- Family Nurture Intervention — This program helps families re-establish emotional connection and autonomic co-regulation if they are interrupted, with significant short- and long-term benefits for both baby and mother.
- Post Partum Depression in NICU — This resource highlights important results from a community KMC study in India indicating that postpartum depression was reduced in mothers when KMC was used.
- March of Dimes Education for Nurses —This site includes resources to equip nurses with the information they need to provide the highest quality care to newborns and mothers.
- Family Integrated Care — FICare is a model that integrates families as partners in the NICU care team, and provides a structure that supports the implementation of family-centered care. This website provides helpful tools and resources to support this model.
- Psychosocial standards for NICU Parents — This article provides a rationale for and brief description of the process of developing recommendations for program standards for psychosocial support of parents with babies in the neonatal intensive care unit (NICU).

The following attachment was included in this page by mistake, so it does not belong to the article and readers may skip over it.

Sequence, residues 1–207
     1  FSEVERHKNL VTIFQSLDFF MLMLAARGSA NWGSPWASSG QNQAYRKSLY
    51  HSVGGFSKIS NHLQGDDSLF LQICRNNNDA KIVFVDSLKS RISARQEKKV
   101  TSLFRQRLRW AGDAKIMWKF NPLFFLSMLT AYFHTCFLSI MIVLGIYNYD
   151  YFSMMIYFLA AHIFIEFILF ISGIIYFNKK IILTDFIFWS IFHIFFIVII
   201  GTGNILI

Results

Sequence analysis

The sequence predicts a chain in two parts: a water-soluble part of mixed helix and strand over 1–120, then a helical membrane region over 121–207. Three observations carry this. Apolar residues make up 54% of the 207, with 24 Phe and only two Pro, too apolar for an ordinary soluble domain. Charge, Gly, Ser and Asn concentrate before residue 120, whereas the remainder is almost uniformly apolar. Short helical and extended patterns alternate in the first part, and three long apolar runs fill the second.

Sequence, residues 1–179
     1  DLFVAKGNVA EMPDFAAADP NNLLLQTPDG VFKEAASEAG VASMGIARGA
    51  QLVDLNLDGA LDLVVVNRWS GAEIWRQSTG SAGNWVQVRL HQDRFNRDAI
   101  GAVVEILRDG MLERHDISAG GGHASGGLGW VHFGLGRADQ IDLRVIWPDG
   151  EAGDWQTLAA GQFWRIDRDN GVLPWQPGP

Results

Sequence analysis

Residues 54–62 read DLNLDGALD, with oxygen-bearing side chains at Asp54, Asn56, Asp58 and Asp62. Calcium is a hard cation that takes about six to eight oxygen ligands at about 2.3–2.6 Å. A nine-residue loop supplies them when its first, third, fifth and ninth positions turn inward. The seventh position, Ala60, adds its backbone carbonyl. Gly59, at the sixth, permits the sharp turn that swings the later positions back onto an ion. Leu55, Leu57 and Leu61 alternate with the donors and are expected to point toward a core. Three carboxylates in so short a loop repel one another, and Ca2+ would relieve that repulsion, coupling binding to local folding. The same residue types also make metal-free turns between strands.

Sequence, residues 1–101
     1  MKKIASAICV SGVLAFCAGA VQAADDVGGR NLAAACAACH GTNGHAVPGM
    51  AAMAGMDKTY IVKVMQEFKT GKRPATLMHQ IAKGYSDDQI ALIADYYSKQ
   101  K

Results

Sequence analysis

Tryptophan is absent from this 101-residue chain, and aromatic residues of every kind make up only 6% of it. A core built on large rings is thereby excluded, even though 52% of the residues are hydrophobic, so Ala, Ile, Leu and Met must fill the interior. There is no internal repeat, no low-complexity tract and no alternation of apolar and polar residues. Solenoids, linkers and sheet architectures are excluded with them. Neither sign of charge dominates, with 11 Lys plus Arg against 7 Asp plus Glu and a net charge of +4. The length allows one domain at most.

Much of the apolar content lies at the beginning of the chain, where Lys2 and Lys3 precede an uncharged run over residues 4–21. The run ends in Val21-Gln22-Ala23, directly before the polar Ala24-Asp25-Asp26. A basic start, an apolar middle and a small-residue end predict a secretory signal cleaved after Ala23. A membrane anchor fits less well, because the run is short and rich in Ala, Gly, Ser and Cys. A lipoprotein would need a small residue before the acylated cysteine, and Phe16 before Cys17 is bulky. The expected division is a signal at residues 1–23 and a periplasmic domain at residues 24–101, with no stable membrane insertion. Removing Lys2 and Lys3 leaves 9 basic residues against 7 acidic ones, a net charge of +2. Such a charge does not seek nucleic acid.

- National Perinatal Association Multidisciplinary Guidelines for the Care of Late Preterm Infants — This supplement was published on behalf of the Late Preterm Infant Guidelines Steering Committee with permission from The National Perinatal Association.
- Small and sick newborn care during the COVID-19 pandemic: global survey and thematic analysis of healthcare providers’ voices and experiences — This study surveyed reported disruptions to small and sick newborn care worldwide and analyzed healthcare providers’ experiences and proposed mitigation strategies
- Immediate “Kangaroo Mother Care” and Survival of Infants with Low Birth Weight — This research published in 2021 shows evidence that immediate KMC dramatically improves survival rates of small and sick newborns.
- Kangaroo mother care had a protective effect on the volume of brain structures in young adults born preterm — This study is one of the first to show evidence of the long-term benefits of KMC.
- NHS Imperial College Healthcare – Parent NICU App — This app helps parents through their NICU journey in the ethos of family integrated care.
- Bliss Resources for Parents (in conjunction with IFDC Care Bundle) — Downloadable resources to give to parents on neonatal units or you can direct them to the information on this website.